Paella is arguably Spain’s most famous dish. Prior to traveling to the Iberian peninsula, I was only familiar with the classic version that’s flavored with saffron and flourished with shellfish (paella a la marinera). Early on in our trip, my notion as to what paella entailed was turned on its head. While at Taverna El Glop in Barcelona, The Astronomer and I shared one made with rabbit and snails (paella Valenciana). I also read in our travel guide about an intriguingly black version made with squid ink. Upon arriving to Valencia, paella’s original stomping grounds, The Astronomer and I were eager to further familiarize ourselves with this one pan wonder.
We had read great things about Restaurante L’estimat and ended up eating there twice during our short stay. Located on the Paseo Maritimo, the restaurant is a few steps away from the beach and offers a postcard-worthy view.
I wouldn’t normally bore one with a historical account of paella, but this romantic painting, which hangs toward the back of the restaurant, has inspired me to do so. Or better yet, I’ll let Saveur do the talking:
The dish exists because of rice, and rice has existed in Valencia and its environs ever since the Moors planted it there more than 1,300 years ago, in a lagoon called the Albufera, where the grain is still grown today. Saffron, that precious and earthy spice, brought to Spain by Arab traders in the tenth century, was the Moors’ preferred seasoning for rice, and it remains a traditional paella ingredient. Local game like rabbit, and foraged foods like snails, as well as various legumes and vegetables, found their way into rice dishes during the Moorish occupation of Spain, but pork (which was prohibited under Muslim dietary laws) and shellfish did not. The dish was prepared in the countryside over an open fire of dried vines and orange-tree branches, usually on Sundays, usually by the men of the family while the women were at church.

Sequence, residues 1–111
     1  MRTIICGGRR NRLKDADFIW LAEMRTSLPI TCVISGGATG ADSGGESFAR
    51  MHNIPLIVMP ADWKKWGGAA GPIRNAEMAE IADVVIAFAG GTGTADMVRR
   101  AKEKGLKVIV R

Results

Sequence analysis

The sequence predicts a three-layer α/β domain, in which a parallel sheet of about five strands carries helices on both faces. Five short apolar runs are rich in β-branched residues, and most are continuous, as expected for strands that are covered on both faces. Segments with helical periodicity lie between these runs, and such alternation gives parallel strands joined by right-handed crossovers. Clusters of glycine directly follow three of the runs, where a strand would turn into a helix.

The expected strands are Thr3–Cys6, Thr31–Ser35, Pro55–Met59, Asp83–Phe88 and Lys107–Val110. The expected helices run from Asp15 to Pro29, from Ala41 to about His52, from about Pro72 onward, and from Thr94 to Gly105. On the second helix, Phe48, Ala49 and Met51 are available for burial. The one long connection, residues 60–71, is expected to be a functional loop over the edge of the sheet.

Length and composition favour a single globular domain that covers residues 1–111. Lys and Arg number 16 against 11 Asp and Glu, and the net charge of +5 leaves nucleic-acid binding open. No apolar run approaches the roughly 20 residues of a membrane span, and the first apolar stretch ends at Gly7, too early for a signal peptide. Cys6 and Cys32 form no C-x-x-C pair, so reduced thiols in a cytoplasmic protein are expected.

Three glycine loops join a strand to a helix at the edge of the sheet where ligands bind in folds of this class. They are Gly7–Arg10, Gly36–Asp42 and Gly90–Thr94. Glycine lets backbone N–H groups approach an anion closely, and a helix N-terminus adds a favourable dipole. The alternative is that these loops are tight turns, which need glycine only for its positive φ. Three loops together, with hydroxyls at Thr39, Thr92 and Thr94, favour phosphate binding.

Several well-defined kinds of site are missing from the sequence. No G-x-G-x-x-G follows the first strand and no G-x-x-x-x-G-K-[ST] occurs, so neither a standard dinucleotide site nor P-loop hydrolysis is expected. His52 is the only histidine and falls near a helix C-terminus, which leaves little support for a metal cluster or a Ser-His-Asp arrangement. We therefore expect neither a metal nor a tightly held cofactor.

Continue reading ‘Restaurante L’estimat – Valencia’
I learned all about carnecerias (meat markets), dulcerias (candy stores), and panaderias (bakery) in high school Spanish class, but my teacher never mentioned anything about orxaterias (horchata bars). As a die hard horchata lover, I was thrilled when we encountered a store specializing in the milky beverage just outside the Mercado Central de Valencia.
After spending the afternoon searching for the perfect paella pan and seeking out good deals on saffron, The Astronomer and I were eager to kick back and relax over chilled glasses of the city’s most famous beverages—orange juice and orxata. [By the way, "orxata" is the Catalan spelling of the word.] We pulled up two stools and ordered a glass of each.
Squeezed to order, the orange juice tasted perfectly balanced without any added sugars. It’s no wonder that these locally grown, thin-skinned, and nearly seedless oranges are so popular for making juice. It was so very refreshing!
Continue reading ‘L'Orxateria del Mercat Central – Valencia’
During much of our visit to Spain, the weather was unseasonably gray, cold, and rainy. Thus the moment I stepped off the train in Valencia and was greeted by golden rays, my heart filled with joy, like only a southern California gal’s could. Thankfully, the weather remained nice and mild for our entire stay, keeping me perfectly warm and sun soaked.